Yes, sir. We don't seem to know the value of what we have and that's why we don't show respect for our national flag or anthem. All over the world Niagarans are known as the only nationals that don't give a damn about their national pride. Visit America on July 4 and see the display of the American flag in every home, on every car and at every public place. Here the nation's birthday is nobody's business because we did not sweat blood to become independent. Go to Zambia, Zimbabwe, Angola, Namibia, South Africa and even Ethiopia that was never colonised and see genuine smile on everybody's face on their national days. Here, what you see is larcerated smile on shattered faces because the politicians have continued to let down the nation....

Okay! Let me introduce the next speaker and what he has to say. Hear him: "No amount of charters, direct primaries, or short ballots will make a democracy out of an illiterate people", Walter Lippmann in 'Revolution and Culture: A Preface to Politics'. What's your understanding of this?

As for me, I think the man is saying that education is key to the understanding of how democracy works. Democracy is not working in Niagara not only because of the attitude of the politicians but also as a result of the low or lack of education of the electorate...

Let me cut you short by introducing Bertrand Rusell and what he said in 1958 in 'Silhouettes in Satire'. "If one man offers you democracy and another offers you a bag of (rice), at what stage of starvation will you prefer the (rice) to the vote?". Can anybody put this in perspective? Yes, Alex.

This one na kongi, sir!

How do you mean?

I mean this is a tough one. But let me try my best. I believe a poor, hungry man will not even think about democracy at all before opting for the bag of rice. To him democracy of the stomach is superior to any form of government. And the uneducated man? He cannot differentiate his left from his right. Definitely he will also opt for the grain. This is exactly what has been happening since independence. The politicians and the few educated but selfish elite in government underfeed and undereducate the masses in order to keep them perpetually in bondage.

What you are saying, in essence, is that the status quo ante remains because poverty and ignorance remain weapons of repression in the land. Good but how about this as a warning of repercussion? "If a free society cannot help the many who are poor, it cannot save the few who are rich", President J. F. Kennedy said this in his inaugural address on January 20, 1961...Eh! Hold it! Take this also for measure, "Poverty is the parent of revolution and crime", says Aristotle, the great philosopher in 'Poiltic'. Now, you can react.

Sir, I think Aristotle has preempted me. All these political shenanigans will have to come to an end one day whether we like it or not. And, if I may add, sir, the problem is not peculiar to Niagara except that the rest of the world looks up to this once-upon-a-time giant in the sun to lead the way in bringing about a sort of politico-economic renaissance in the continent to prove that we, indeed, can make the difference. Permit me, sir, to also quote a former American ambassador in Kenya who was contributing his views on the political changes then taking place in Africa. He said and I quote, "Africa missed the industrial revolution which formed the basis of modern democracy in the West". That may be true but my worry is why Africa through the African Union cannot initiate an agrarian revolution and become the food basket for the rest of the world. Instead we are better known for our "African tigers and lions". Sheer bunkum! Niagara should be at the forefront of this kind of initiative...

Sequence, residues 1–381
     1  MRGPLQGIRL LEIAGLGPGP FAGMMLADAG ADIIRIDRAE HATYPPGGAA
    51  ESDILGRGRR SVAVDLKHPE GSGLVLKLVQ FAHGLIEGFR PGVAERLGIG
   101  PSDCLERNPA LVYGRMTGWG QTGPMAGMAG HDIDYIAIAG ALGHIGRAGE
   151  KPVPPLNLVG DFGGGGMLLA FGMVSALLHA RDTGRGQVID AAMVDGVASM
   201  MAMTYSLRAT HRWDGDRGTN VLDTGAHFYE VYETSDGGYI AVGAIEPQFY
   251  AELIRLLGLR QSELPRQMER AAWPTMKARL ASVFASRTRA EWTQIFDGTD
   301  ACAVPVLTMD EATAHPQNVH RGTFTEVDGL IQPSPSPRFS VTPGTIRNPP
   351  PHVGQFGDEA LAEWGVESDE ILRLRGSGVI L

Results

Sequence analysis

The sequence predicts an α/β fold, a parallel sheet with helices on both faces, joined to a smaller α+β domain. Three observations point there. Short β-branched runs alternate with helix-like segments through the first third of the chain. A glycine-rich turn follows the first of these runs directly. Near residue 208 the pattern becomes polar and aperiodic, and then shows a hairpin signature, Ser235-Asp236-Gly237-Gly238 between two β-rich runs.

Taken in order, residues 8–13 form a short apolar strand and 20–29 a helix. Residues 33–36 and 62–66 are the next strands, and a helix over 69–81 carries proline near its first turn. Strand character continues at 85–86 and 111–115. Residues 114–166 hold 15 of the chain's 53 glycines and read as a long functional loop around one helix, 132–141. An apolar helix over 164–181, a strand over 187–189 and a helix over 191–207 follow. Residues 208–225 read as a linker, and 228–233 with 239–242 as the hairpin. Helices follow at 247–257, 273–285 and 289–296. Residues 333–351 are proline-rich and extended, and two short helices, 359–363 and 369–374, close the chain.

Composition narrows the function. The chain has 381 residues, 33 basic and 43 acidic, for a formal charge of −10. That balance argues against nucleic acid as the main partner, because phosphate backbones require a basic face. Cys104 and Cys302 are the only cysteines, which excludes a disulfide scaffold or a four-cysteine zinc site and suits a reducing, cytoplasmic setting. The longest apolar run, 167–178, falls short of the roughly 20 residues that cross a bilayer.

Shh! You want to spoil a good argument. Niagara is in no mood for any revolution whether political or agrarian or ethical. Ours is a system of "anything goes". But lest I forget, let me remind you that what that ambassador was saying is that democracy without a strong economy is a blatant dream. Unfortunately in our own case politicians think the art of governance is not a serious business and thereby don't give a hoot seeing the ship of state drifting in the sea of uncertainty for the greater part of the country's 50 years of independence...

Sir, I think they are all a pack of jokers.

Why do you say so?

It's only a joker who would say the art of governance is not a serious one. Sir, I humbly submit that politics is serious business. Even a circus show is a serious business. Acrobatic displays in mid air can, indeed, be fun but it's serious business all the same.

Well, I have listened to all your contributions and I just want to remind you that the average Niagaran politician is a lotus eater and that's why they keep coming back like locusts. You should not take them serious. The current hooplah and shouts over who becomes the next president will sooner than expected simmer down like hot plate soup because as one philosopher once said, the first rule of politics is never say never. "The ingenious human capacity for manoeuvre and compromise may make acceptable tomorrow what seems outrageous or impossible today". Politicians' actions are often dictated by self or class interest. The common man is the unknown factor, the unidentified grumbling object and the undistinguishable character in their formula of sharing. Unfortunately they seem not to know that in a chemical reaction, which politics has gradually become over a period of 50 years, 'X' is always the unknown factor.

Sir, that's an explosive one! But I tend to agree. Perhaps this is why we are where we are today. Niagara is ripe for change. Real, meaningful change, not just generational shift.

Change indeed!!! Happy anniversary, though, to you all but, please, don't forget to submit your long essay on GREED AND PREJUDICE: THE POLITICS OF ‘LONG THROATS’ IN AFRICA or STEPPING ASIDE AND STEPPING BACKWARD IN AFRICAN POLITICS, THE NIAGARA EXPERIMENT to my secretary before you go on your Independence break. Have fun. Chill in, don't chill out. Kidnappers are many in town. Catch yah!